Third diabolical disaster, tax the schnitzel out of everybody.  I’m not talking a lousy 2% tax on the rich that the Prez and Congress argue about now, I am talking about 21 hidden taxes in Obamacare like the 3.8% levy on real estate sold. Gee, that should help the housing market, shouldn’t it!  Social Security and Medicare has to be fixed.  The budget deficit has to be fixed or the international bond market will fear lending to our country.  How will they do that?  Raise the payroll taxes, raise other taxes.  And then there are the hidden taxes of having healthcare insurance premiums rise by 40% (whoa! That’s already happened.  What next?) And it will cost you a couple thou a year. And I’m talking about the raise of capital gains taxes to discourage old guys from selling out their businesses to young guys (because they’d just give it all the government, the old guys reason).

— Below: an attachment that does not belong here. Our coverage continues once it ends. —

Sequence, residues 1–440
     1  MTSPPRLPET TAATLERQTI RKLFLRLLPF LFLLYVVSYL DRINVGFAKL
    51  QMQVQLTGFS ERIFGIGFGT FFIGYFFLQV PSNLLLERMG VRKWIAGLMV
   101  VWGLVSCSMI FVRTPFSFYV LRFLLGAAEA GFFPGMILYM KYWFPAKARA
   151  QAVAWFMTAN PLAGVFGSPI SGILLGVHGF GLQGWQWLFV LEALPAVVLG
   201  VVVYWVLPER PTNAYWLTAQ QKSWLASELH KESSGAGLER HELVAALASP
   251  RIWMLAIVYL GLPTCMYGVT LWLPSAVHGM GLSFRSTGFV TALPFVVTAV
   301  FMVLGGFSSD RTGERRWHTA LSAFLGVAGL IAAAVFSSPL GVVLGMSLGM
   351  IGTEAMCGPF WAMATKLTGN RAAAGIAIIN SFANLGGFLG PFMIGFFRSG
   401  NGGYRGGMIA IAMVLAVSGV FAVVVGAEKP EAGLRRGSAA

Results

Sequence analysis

Fourth, install crony capitalism.  If only businesses with an inside track with government succeed, like in the 3rd world, every honest business has a disadvantage.  When bureaucrats decide which do well, they never choose wisely, like the market of free-choices-new-ideas does.



Fifth, deficit spend in government.  Deficit spending leaves a mountain of debt that the bond market lenders eventually grow leary of.  How will they get repaid?  It’s proven that when the ratio of debt to annual production (GDP) exceeds 1.0, your currency has problems.  Interest then rises dramatically, like 38% in Greece or 14% in Spain.  Nobody can borrow and see a possible profit.  Hiring dies.  Spain and Greece have 25% unemployment, mostly in the young.



Sixth, kill innovation and new technology.  Waste good government research grants on outfits like Solyndra and porkbarrel projects that never pay for themselves.  For businesses, research dollars are the first thing cut when profits go down.  So by killing profits or taxing them to death, research is the first casualty. And with little new to sell, the old guys can do the selling.



Now I want you to sit back and think.  Isn’t this exactly what Obama has done?  Well, it’s a free country.  Vote how you wish.  But remember this Story of How the Greatest Economy in the World was killed.  I told you this was going to be crazy. 

Thursday, August 2, 2012

No Dutch No Glory